Customer Lifetime Value For Dummies

We look at CLV as the profitability of a customer for an organization throughout the utilization of a product or service. We could look at this as a type of on-going transaction with a brand or company. The nature of the said relationship is either ephemeral or lasting, depending on the value of a brand to a customer. 

While we often look at the CLV method from a customer standpoint, it is important to understand that the calculations are made at a business level. From the brand manager’s standpoint, CLV is a three-step process. 

To Target the Customer?

At this stage of the process, Managers need to distinguish whether the customer is worth the business costs and efforts. Potential profit is a great way to identify the health and threshold of this potential relationship. By understanding the potential profit generated by a customer over the entirety of their business exchange life with a brand, managers can determine if the juice is worth the squeeze.

Through CLV analysis and transparency within their accounting departments, managers should be able to work on selecting the best customers based on projections, customer network externalities, or referrals.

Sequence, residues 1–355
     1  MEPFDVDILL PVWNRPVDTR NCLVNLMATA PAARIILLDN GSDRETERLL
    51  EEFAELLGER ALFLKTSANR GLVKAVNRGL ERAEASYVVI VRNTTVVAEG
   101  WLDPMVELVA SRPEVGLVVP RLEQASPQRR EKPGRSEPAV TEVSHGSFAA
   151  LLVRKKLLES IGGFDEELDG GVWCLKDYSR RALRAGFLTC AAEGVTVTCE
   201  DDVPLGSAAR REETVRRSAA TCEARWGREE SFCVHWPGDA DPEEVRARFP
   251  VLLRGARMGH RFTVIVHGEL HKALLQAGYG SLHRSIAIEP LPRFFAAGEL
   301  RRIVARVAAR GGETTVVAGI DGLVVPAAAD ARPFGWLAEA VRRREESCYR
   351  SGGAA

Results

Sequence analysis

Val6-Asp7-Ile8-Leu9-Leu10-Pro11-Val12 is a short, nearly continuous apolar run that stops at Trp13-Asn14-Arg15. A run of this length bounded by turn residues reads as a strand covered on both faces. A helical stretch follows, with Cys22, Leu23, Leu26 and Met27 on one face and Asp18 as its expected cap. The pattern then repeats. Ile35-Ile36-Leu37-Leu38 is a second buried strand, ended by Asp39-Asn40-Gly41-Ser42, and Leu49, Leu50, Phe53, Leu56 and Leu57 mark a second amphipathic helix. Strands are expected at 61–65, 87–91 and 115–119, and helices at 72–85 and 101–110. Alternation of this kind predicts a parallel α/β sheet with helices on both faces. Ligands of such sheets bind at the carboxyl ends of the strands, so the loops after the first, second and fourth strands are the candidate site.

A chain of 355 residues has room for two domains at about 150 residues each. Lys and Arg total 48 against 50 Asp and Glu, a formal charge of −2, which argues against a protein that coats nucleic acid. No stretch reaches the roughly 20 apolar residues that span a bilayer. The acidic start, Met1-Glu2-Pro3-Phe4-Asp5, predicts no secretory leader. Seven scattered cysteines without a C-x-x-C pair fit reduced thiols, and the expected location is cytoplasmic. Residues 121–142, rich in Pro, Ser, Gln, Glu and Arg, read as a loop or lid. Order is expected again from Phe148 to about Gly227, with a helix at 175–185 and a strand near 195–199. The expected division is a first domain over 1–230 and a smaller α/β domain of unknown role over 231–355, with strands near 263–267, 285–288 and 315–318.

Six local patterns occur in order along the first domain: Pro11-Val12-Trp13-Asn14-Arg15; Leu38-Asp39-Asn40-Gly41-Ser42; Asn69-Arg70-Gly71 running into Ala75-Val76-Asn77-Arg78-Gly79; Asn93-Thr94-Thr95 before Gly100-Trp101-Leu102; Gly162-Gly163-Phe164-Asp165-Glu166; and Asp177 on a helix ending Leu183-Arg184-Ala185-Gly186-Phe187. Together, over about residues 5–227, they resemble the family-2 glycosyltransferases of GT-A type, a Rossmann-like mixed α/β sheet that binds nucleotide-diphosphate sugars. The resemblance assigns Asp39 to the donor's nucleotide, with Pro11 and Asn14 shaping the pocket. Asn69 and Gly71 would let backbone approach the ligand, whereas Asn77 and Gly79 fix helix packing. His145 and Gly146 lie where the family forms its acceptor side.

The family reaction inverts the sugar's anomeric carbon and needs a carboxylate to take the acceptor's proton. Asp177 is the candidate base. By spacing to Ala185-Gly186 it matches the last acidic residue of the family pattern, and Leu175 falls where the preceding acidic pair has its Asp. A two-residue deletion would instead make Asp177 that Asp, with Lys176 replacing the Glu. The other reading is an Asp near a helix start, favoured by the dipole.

Acquire Receipts

Once a successful transaction has been endowed upon the business owner, they establish themselves a POS (Point of Sale) for that customer’s return business and future needs.

By analyzing key metrics around our margin, or what we expect after breaking even from costs, we can understand the Net Profit around a customer’s life cycle.

Whatever the length of that cycle, managers are keen to monitor fixed expenses as these could firsthand increase their Net Profit per customer. Learning how to attract new customers and meeting their needs can also positively impact a brand’s cash flow.

Satisfy Long Term Needs

As brands maintain their relationships with customers, it is safe to project maintenance and nurturing will be required. The path along the way of a successful business is doing a better job than competitors, and it is at this stage that so many organizations fail.

Brand managers would be savvy to engage with past customers and patrons just as fiercely as new ones. The deep value of the customer, or the gold per-say, is in adjusting the strategies around meeting their needs throughout a business relationship. 

This allows brands insights around initial sales, targeting strategies, satisfaction terms, and improvement capabilities. This will increase visits, purchases, referrals, and repurchase inadvertently. All of which can be invaluable, and discovered by all brand managers, if they just give the customer some tender love and care.